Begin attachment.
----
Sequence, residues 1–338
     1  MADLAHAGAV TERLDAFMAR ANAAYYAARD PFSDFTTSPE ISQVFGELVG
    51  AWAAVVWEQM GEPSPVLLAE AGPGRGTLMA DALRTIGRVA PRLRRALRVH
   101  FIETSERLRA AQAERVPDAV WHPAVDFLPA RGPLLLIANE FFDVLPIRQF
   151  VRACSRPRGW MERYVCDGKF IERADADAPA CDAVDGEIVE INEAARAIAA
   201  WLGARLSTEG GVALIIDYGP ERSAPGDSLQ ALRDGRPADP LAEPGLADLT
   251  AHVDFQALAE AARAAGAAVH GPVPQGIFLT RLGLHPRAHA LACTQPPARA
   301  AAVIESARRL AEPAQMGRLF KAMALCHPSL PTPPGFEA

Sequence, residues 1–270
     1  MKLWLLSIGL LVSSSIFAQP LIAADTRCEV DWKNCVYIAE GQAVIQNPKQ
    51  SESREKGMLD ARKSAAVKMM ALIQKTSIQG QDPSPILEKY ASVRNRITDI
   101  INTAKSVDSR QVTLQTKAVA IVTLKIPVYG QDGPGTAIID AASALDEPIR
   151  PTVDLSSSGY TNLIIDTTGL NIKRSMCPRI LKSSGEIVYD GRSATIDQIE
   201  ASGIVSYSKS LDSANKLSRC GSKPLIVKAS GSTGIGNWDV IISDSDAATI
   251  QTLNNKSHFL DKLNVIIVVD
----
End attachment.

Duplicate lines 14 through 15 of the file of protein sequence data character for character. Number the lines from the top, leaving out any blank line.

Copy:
   201  ASGIVSYSKS LDSANKLSRC GSKPLIVKAS GSTGIGNWDV IISDSDAATI
   251  QTLNNKSHFL DKLNVIIVVD